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Water, electricity, and climate change

School of Social Sciences

About the Project

There are intricate links between water, electricity, and climate change. By 2050 worldwide under a reference case, the share of renewables in electricity generation is expected to be 50%, and the share of hydroelectric power in renewables generation, one-fourth (EIA 2020). A pumped hydro system is a mature technology for electricity generation and remains a key source of bulk electricity storage (EIA 2019), yet the addition of reservoir capacity is potentially in conflict with the protection of the natural environment, especially if the water resource is perceived to be overexploited or there is a negative public opinion on new invasive infrastructure, such as dams (Maran et al 2014). Meanwhile, climate change is affecting the temporal or spatial pattern of the loss or retreat of glacial mass (Huss and Hock 2018). Depending on the incidence, duration, or magnitude of climate change effects, the availability of water for hydroelectric power, especially in vulnerable areas, countries, or regions, could be at risk.

Markets play a key role in signalling opportunities for the capture of potential benefits arising from climate change adaptation (Anderson et al 2019). Electricity generation and transmission assets are complements and substitutes in the operation and expansion of the electricity sector, and there are many challenges associated with the design or implementation of incentives for attracting investments (Cretì and Fontini 2019). Under future warming scenarios in Europe, the significant increase in peak load and overall electricity consumption affects not only the location of peak generation, storage, or transmission capacity investments, but also the design of energy efficiency policy (Wenz et al 2017). Climate change is likewise expected to cause huge increases in the intensity and frequency of peak electricity demand in the US (Auffhammer et al 2017). Climate change could affect the supply of or demand for freshwater though an increase in temperatures, the incidence of drought, or the use of irrigation (Anderson et al 2019). Where they exist, water markets support the allocation of water to its highest valued uses, the generation information on alternative values, the identification of novel uses, or the compensation of water rights owners (Anderson et al 2019). In other words, climate change has an outsize impact on the fundamental drivers of value in electricity and water markets. Indeed a legal framework governing the valuation of watercourse assets is central to the optimal allocation of water, especially in a transboundary setting (Macatangay and Rieu-Clarke 2018). The interaction between electricity and water markets affects the optimality of operation or expansion decisions in both electricity and water sector assets (Rieu-Clarke and Macatangay 2019).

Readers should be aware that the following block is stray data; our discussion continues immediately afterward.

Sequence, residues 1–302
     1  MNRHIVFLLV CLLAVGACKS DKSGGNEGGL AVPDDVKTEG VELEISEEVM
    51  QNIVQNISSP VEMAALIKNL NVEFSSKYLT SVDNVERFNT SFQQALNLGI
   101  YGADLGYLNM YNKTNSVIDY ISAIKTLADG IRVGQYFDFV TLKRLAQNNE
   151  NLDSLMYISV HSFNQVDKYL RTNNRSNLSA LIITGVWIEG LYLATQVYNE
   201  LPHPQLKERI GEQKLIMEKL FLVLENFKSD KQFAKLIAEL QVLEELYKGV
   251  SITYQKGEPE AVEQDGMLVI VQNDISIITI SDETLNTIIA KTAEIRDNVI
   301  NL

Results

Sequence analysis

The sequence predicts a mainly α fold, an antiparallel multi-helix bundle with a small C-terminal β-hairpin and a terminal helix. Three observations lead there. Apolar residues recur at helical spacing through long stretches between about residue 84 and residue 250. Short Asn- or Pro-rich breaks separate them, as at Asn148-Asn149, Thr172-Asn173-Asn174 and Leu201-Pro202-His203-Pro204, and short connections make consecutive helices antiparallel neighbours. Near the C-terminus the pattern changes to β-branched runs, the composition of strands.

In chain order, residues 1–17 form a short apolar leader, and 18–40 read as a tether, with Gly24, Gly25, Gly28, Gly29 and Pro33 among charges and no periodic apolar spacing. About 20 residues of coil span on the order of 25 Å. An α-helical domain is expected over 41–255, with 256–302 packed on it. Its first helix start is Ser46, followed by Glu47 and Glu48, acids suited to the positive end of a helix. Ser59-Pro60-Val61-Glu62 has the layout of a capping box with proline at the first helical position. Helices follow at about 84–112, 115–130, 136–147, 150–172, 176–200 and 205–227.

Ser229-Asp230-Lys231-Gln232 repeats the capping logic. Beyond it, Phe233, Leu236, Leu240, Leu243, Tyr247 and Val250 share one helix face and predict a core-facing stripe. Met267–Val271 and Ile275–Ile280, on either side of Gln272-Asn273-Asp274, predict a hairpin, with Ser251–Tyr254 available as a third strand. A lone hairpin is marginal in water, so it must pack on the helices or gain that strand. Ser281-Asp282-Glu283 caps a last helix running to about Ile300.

What, then, are the implications of climate change on the operation or expansion decisions in electricity, water, and related infrastructure? One approach, under a general class of optimisation models, is to use a complementarity problem nesting a wide range of specific models for regulated or deregulated energy markets under perfect or imperfect competition (Gabriel et al 2013). Indeed the concept of complementarity is a “natural way” to describe market equilibria, and a particular representation, a mixed complementarity problem (“MCP”) involving equality and inequality constraints, is widely used in energy market modelling and policy evaluation (Murphy et al 2016). In a hydrothermal system under perfect competition, price is equal either to the sum of the marginal cost of thermal generation and the shadow value of its capacity, or to the marginal value of water (Bushnell 2003). The ownership configuration of generation assets has a considerably effect on the prospects for competition (Hakam and Macatangay 2018).

For informal enquiries about the project: Dr Macatangay ()
For general enquiries about the University:

Applicants must have obtained a 2.1 UK honours degree or higher in a relevant discipline, or equivalent for degrees obtained outside the UK. Applicants should normally have a good taught Masters degree (e.g. an average of B or higher) or equivalent in a relevant discipline from a recognised university.

English language requirement:


Step 1: Email Dr Macatangay () to (1) send a copy of your CV and (2) discuss your potential application and any practicalities (e.g. suitable start date).

Step 2: Formal applications can be made via UCAS Postgraduate:

In the ‘provider questions’ section of the application form:
- Write the project title and ‘’ in the ‘if your application is in response to an advertisement’ box;
- Write the lead supervisor’s name and give brief details of your previous contact with them in the ‘previous contact with the University of Dundee’ box.

Funding Notes

There is no funding attached to this project. The successful applicant will be expected to provide the funding for tuition fees and living expenses, via external sponsorship or self-funding.

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